Washington on the Orwellian road

Washington on the Orwellian road

Washington on the Orwellian road

Though a bill that would criminalize certain speech has died in the state legislature, one analyst expects it'll be back again next session.

Washington state House Bill 1333, which would have criminalized thought and expression under an invented category of offenses called "domestic violent extremism," died in committee in this session.

Liv Finne of the Washington Policy Center explains that it would have allowed a government panel to take a person's views, statements, and opinions – likely gathered from social media or turned in by family members or neighbors – and criminalize them.

Finne, Liv (Washington Policy Center) Finne

"It would basically create a Ministry of Truth," she summarizes. "Under this bill, government officials would ultimately decide whose words and whose speech would be subject to criminal prosecution. This is Orwellian. We are there."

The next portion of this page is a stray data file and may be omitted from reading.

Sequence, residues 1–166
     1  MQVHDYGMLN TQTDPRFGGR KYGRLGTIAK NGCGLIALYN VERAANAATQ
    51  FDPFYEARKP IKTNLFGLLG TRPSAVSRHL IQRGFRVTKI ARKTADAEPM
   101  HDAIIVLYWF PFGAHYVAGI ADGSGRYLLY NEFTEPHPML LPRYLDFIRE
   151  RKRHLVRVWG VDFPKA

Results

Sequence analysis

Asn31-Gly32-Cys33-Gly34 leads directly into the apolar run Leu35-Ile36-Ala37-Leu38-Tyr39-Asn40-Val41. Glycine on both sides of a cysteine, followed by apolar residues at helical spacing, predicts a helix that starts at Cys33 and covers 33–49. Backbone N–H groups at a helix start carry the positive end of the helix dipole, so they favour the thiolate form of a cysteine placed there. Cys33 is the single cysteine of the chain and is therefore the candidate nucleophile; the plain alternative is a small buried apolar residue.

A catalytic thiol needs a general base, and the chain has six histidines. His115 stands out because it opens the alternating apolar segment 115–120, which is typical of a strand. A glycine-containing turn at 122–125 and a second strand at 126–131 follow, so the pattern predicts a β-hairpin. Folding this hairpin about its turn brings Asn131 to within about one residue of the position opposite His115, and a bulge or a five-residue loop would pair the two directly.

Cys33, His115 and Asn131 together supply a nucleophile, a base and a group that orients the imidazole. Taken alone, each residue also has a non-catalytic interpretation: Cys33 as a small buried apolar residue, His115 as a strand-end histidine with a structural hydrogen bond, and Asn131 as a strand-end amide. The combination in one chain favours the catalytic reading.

Finne contends it is important to call out the underpinning of such ideology, and she calls this particular effort a naked power grab, because additional laws aimed at catching actual political violence are unnecessary.

"We already have laws that allow the prosecution of people like Timothy McVeigh, who used violence to blow up a government building," she notes.

Finne fully expects the bill will be brought back next session, when it will likely have the votes to pass.

"I'm sure that this bill in a federal court would be struck down," the analyst tells AFN, as it violates the First Amentment, "but I don't know about a state court."

It would come down to which court got the case.